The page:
Nor can a CBS correspondent stumbling around for a new definition of man.


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  • "Radical feminism" has nothing to do with urban gang warfare. There are socio-economic conditions that create a hotbed for the violence; conditons such as poverty, hopelessness, and high unemployment.

    Traditional is not necessarily the same as what is right and just. It took over 130 years for women to get the vote in our country. And they are still not equal in the workplace despite the great victory for equal pay under the Lily Leadbetter law passed in Obama's first term.

    BTW, traditional marriage has been weakened more by divorce than by radical feminism or same-sex marriage. The rate of divorce was high when "Father Knows Best" was being aired. FKB even at the time had little resemblence to the reality of an American family.

  • In reply to Aquinas wired:

    ""Radical feminism" has nothing to do with urban gang warfare."

    You're damn right it does. Those socio-economic conditions you blame have been exacerbated by the radical feminists devaluing of fathers, dismantling of families and undermining of men in any aspect it can manage, including jobs and education.

    "Traditional is not necessarily the same as what is right and just. "

    True, but it hasn't been demonstrated the aspects he described aren't right or just, or need to be changed. It also hasn't been demonstrated that the resulting change promoted by radical feminism et al is itself right or just. In fact, given the current state of men, I'd argue it clearly isn't. Because while things may not have been ideal for women, that dynamic was set up at a time where it was the best of bad options. When society changed, social dynamic was slow to change, because nobody knew better. But the last 50 years, people have known better, yet have done to men what they feel men had done to the women in the past.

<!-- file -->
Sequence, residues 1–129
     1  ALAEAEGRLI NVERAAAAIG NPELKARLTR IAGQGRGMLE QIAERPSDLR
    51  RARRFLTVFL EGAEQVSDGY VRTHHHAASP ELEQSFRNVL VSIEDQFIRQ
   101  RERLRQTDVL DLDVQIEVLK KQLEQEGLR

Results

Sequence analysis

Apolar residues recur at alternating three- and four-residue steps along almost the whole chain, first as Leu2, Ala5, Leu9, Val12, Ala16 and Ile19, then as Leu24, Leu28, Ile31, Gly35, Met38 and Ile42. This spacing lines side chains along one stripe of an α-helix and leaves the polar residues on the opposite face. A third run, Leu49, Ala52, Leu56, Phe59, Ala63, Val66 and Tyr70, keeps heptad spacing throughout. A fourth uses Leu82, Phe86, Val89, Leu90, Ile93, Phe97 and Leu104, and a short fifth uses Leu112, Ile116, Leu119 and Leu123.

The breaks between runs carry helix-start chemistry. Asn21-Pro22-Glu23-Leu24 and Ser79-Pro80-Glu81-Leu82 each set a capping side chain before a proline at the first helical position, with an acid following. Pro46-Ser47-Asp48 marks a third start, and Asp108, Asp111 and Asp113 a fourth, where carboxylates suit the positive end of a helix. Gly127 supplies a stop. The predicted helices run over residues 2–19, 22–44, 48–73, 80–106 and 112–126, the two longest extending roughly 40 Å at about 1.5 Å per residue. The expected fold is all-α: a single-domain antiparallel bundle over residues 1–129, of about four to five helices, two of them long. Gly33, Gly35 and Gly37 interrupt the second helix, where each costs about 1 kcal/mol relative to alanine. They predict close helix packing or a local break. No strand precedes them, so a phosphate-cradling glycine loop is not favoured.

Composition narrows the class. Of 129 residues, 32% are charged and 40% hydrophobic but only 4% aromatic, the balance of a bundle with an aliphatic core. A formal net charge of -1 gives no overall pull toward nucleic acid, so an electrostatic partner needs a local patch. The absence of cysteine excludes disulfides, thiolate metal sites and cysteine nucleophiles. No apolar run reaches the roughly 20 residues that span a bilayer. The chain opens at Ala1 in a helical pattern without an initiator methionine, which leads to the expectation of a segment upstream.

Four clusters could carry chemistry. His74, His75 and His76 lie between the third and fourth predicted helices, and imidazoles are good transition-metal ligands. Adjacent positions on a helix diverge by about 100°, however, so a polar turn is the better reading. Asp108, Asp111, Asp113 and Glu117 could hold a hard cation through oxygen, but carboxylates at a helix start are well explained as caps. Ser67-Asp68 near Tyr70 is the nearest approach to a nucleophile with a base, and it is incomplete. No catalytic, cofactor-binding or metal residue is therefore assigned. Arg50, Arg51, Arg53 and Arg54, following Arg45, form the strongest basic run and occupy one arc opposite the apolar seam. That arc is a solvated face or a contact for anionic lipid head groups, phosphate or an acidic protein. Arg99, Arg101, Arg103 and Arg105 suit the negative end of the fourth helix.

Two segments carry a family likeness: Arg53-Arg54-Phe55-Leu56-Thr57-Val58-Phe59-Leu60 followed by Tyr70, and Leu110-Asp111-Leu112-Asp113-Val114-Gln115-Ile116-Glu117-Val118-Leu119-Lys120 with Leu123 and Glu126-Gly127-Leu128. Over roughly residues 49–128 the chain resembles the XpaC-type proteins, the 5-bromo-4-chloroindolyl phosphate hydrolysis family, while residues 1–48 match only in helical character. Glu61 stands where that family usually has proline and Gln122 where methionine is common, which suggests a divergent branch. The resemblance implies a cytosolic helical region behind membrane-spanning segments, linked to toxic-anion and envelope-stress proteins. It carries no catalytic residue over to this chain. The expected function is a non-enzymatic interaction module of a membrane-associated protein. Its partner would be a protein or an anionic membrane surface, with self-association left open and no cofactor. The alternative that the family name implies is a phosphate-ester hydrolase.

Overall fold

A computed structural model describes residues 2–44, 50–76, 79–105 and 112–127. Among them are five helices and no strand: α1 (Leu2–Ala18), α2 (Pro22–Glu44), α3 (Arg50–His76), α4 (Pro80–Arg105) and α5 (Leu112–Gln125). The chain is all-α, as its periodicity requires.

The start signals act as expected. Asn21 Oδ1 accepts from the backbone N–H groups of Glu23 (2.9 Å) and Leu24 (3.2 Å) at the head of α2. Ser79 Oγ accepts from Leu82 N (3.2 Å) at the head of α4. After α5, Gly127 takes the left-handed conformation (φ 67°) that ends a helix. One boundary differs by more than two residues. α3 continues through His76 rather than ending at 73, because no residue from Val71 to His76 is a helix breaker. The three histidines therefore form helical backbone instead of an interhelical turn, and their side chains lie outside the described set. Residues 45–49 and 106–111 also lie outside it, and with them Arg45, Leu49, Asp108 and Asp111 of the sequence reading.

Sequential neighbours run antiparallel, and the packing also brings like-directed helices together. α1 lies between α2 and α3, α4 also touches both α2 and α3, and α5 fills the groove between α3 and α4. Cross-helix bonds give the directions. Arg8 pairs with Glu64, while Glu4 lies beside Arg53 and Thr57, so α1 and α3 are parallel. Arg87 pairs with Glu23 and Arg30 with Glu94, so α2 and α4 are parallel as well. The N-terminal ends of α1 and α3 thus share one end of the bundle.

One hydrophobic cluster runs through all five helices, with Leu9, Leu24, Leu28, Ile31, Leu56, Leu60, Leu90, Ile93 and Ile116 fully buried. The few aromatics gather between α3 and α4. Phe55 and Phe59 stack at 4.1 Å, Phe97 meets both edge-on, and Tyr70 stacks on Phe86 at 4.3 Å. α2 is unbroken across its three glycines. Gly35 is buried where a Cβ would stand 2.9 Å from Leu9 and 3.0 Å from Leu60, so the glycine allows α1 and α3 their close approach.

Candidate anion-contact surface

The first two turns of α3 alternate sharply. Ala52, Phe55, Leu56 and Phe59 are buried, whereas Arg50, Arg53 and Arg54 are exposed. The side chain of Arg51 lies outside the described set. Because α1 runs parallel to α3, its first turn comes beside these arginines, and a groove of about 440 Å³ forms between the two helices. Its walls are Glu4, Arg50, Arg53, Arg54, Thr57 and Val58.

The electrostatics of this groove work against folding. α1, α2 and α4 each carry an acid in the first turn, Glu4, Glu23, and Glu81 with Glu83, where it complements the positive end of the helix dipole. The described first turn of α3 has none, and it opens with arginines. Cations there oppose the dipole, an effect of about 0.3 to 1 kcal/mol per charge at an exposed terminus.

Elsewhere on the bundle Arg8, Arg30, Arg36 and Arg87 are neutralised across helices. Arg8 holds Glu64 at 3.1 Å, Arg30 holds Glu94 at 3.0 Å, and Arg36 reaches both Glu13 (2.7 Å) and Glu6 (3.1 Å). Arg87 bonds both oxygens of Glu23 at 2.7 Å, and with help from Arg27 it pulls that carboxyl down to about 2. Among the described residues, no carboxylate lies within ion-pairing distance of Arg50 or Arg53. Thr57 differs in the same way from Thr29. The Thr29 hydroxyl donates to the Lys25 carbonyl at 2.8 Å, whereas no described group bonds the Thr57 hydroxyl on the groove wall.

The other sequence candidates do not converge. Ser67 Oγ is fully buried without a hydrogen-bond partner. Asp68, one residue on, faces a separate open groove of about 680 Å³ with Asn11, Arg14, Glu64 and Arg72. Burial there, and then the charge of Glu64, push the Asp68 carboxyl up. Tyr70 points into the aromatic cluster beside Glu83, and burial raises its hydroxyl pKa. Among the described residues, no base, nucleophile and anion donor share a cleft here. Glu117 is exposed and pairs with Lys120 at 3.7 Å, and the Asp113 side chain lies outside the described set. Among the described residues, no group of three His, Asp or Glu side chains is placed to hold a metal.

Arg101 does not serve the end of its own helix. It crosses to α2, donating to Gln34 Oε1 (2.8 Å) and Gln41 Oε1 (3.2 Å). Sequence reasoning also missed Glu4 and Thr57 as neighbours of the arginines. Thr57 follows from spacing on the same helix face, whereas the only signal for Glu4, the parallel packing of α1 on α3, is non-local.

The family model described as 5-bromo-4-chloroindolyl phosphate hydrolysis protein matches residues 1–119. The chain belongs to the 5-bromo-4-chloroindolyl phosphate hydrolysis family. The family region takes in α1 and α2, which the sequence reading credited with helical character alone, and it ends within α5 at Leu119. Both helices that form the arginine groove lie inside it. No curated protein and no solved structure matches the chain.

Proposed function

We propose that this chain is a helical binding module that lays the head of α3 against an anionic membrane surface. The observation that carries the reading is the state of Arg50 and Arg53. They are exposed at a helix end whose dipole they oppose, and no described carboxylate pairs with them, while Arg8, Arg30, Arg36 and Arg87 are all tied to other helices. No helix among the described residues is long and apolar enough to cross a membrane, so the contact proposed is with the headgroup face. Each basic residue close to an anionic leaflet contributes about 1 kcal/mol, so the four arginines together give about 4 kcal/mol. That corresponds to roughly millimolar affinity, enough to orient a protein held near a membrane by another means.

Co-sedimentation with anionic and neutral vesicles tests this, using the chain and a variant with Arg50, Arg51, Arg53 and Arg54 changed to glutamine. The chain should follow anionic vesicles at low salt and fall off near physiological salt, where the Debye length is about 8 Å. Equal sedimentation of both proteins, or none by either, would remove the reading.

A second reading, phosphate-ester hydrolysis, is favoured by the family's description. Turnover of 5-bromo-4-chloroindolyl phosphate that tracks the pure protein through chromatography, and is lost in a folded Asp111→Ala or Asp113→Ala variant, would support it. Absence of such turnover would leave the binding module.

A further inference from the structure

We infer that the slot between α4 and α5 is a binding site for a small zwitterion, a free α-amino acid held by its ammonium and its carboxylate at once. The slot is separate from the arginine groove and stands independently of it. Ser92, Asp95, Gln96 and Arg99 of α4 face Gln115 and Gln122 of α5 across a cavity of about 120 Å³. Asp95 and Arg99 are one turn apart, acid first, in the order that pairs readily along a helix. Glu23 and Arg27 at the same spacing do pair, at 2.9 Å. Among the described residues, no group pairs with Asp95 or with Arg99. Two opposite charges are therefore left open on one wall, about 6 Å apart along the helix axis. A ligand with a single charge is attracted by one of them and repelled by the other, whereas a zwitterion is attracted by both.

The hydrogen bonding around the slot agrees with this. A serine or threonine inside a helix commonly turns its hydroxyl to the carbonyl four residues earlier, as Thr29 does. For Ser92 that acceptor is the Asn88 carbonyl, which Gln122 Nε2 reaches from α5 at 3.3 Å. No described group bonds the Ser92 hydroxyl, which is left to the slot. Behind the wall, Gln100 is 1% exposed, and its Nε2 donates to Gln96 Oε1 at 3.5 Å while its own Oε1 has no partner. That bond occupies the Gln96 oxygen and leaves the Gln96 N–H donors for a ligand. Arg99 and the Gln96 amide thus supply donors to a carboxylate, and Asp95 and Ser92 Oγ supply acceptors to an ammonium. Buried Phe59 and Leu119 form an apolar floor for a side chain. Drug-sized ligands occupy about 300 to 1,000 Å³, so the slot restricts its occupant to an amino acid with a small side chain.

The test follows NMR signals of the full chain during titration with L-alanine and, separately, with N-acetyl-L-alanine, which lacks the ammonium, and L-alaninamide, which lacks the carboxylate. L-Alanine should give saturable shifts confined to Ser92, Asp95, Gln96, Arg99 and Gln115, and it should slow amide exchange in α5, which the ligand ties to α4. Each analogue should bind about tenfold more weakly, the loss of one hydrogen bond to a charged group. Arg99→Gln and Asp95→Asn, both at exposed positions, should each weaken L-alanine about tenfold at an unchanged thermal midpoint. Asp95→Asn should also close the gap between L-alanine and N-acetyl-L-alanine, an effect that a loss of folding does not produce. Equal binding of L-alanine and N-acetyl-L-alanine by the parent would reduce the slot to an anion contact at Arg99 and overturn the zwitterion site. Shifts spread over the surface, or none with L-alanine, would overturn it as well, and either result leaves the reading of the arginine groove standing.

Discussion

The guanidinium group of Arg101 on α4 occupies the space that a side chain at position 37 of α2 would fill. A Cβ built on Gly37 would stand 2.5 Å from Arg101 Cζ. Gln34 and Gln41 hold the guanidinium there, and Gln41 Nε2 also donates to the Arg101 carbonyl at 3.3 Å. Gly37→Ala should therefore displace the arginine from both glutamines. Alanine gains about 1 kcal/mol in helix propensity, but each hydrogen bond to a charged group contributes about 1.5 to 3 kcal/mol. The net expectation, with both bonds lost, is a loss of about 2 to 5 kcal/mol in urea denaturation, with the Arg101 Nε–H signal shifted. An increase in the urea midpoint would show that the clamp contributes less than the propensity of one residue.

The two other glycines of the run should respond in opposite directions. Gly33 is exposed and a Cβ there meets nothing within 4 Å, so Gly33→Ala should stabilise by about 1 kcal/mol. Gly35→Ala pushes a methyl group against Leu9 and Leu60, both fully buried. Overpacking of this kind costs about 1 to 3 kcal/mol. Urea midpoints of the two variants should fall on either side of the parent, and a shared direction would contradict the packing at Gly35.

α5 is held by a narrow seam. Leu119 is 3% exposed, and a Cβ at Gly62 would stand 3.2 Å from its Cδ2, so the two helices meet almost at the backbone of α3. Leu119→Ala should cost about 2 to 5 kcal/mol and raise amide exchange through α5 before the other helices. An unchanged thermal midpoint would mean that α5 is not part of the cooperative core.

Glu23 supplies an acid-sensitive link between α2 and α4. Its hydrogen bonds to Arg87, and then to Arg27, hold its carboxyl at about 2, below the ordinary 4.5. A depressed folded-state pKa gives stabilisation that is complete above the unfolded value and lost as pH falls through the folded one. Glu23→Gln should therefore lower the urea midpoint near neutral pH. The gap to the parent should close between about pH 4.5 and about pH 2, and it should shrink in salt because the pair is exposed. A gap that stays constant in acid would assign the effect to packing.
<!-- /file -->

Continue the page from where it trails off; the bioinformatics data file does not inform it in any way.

"And they are still not equal in the workplace despite the great victory for equal pay under the Lily Leadbetter law passed in Obama's first term"

    And they never will be until men are treated as equals in the home. Women will continue to fall behind men in the workplace so long as the workplace is all men have. So long as women can pick and choose which they want to focus on, knowing the man or the state will pick up their slack.

  • fb_avatar
    In reply to Aquinas wired:

    It took 130 years for women to get the vote because they didn't want it. See the reason that men got the vote is because men fought the wars, and many women even during the suffrage movement were afraid that if they got the right to vote they would also have to face the possibility of military service. Essentially they were given the right to vote but no responsibility.

  • In reply to Ryley Reis:

    Huh? Women didn't want the right to vote? That's a new one.

  • In reply to Dennis Byrne:

    No, actually, it's not. It's over a century old. But it's not a convenient truth, so feminists rarely, if ever, acknowledge it. It isn't hard information to find if you really wanted to. But yes, most women didn't want the vote, and when enough women did, they were given it, without the responsibility men are still required to accept, to the day, to earn their votes with.

  • @Aquinas...

    I am looking forward to getting off the train and home to reply to your comment. Still pushing the debunked "pay gap' myth? smh

  • fb_avatar

    Feminist sexism and feminist discrimination has destroyed a generation of men, and is now destroying the next generation of boys. Why do feminist public schools systematically dehumanize and denigrate boys in K-12 education? Why do feminist courts systematically destroy the relationship between fathers and their children? Why do feminist institutions support women, but not men, who need help?